Last week I stopped by the SQL Lounge at the PASS summit in Denver. I met a Microsoft employee named Max Verun, whose official title is Program Manager - Manageability and Servicing Platform. Translated into ordinary geek-speak, he is in charge of Clustering and Cluster Installation. This was a golden opportunity for me. I spent the next hour or so listening to Max and talking with him about where SQL wants to go with clustering. Since none of that conversation is under NDA, I thought I would share some of the highlights.
Clustering will remain a High Availability failover technology. While I suspect something like what the other guys call "clustering" is on Microsoft's radar, I doubt very much it will be called clustering when it finally surfaces. This isn't any inside knowledge, it is speculation that the dev team is aware of the competition and is not stupid.
Clustering will have some name changes. The "Virtual Server" nomenclature will go away. It is too confusing, especially now that Microsoft has gotten serious about platform Virtualization. So we will just be talking about Clustered SQL Instances in the future. I hope this change is more successful than trying to forget the "Active/Passive..." terminology.
The actual guts of clustering will remain largely unchanged. The failover detection and timeouts work well in most cases so that stays the same. There may be some technical changes to the SQL Cluster Resource DLL to fix some minor issues, but the actual workings of the SQL Clustering won't change.
The big changes in clustering come on the setup side. The most important change is the division of the current installer into two pieces. These two parts are are Setup and Configuration. SQL Cluster install will mirror Windows Cluster Install. With WIndows, you install the base bits including the clustering parts, then configure a cluster. SQL will adopt the same approach. The config tool creates a single-node clustered SQL instance. You then add new nodes to the clustered instance. This is a lot like WIndows Clustering, except that you can't do the SQL clustered install until the WIndows Cluster is built. The config tool will build an INI file so you can clone the installation for the second and ssubsequent nodes.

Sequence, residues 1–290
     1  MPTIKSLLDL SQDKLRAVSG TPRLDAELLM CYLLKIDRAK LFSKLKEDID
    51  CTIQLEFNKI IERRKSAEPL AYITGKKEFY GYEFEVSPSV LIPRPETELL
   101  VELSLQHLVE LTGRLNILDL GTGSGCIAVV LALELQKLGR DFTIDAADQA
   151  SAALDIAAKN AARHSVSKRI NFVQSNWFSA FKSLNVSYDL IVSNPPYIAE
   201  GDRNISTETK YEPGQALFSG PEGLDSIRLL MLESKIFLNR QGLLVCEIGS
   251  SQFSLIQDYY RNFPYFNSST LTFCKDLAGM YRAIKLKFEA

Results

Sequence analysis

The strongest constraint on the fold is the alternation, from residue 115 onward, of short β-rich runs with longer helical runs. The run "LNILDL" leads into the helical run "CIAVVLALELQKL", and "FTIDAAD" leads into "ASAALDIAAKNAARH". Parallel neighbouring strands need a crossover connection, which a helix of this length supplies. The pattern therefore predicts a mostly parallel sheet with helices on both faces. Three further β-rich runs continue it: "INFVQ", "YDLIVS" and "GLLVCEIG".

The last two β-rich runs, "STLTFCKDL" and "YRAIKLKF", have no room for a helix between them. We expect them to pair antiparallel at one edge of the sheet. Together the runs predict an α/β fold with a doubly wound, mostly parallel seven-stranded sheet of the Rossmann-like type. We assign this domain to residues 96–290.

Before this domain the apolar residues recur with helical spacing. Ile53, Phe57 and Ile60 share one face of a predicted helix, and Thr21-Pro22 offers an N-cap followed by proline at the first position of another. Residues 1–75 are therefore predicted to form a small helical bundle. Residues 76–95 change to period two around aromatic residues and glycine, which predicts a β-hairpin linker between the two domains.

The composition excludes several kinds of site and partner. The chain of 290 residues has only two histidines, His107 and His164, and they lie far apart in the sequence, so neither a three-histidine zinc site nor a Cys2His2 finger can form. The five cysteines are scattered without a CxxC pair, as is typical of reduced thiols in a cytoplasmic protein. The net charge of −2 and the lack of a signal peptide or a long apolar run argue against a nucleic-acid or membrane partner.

The ultimate goal here is to be able to sysprep cluster nodes and ship them pre-configured from a system builder. That feature may or may not make it into SQL 2008 due to several other dependencies, but we will get some foundation pieces that should make it easier to install a cluster and ultimately lead up to that possibility
One interesting side effect of splitting the installation functions is eliminating the current dependency on pre-qualifying hardware at the vendor level. Now, the SQL cluster configuration tool will determine if the hardware supports the desired configuration. This should lead to some interesting configurations and lots opportunities for those of us who rescue people from their own cluster follies.
Microsoft is adding iSCSI support for clustering. According to Max, their tests have been good as far as performance and stability. My experience so far with iSCSI and SQL has not been so good. I suspect the difference is due to Microsoft not purchasing their iSCSI equipment from Billy Bob's bargain computer hardware and pool cleaning service. Maybe they will have good enough tests in their tool, but I still don't trust iSCSI on a cluster.
One feature Max seemed very proud of is support for up to 64 nodes in a cluster. I guess 8 nodes isn't confusing enough.
I don't have any time frames for when we will be seeing these changes, whether it is in CTPs or even in the SQL 2008 release. I do know this is the direction the SQL Clustering team is thinking and working, but until the next release ships, nothing is locked in.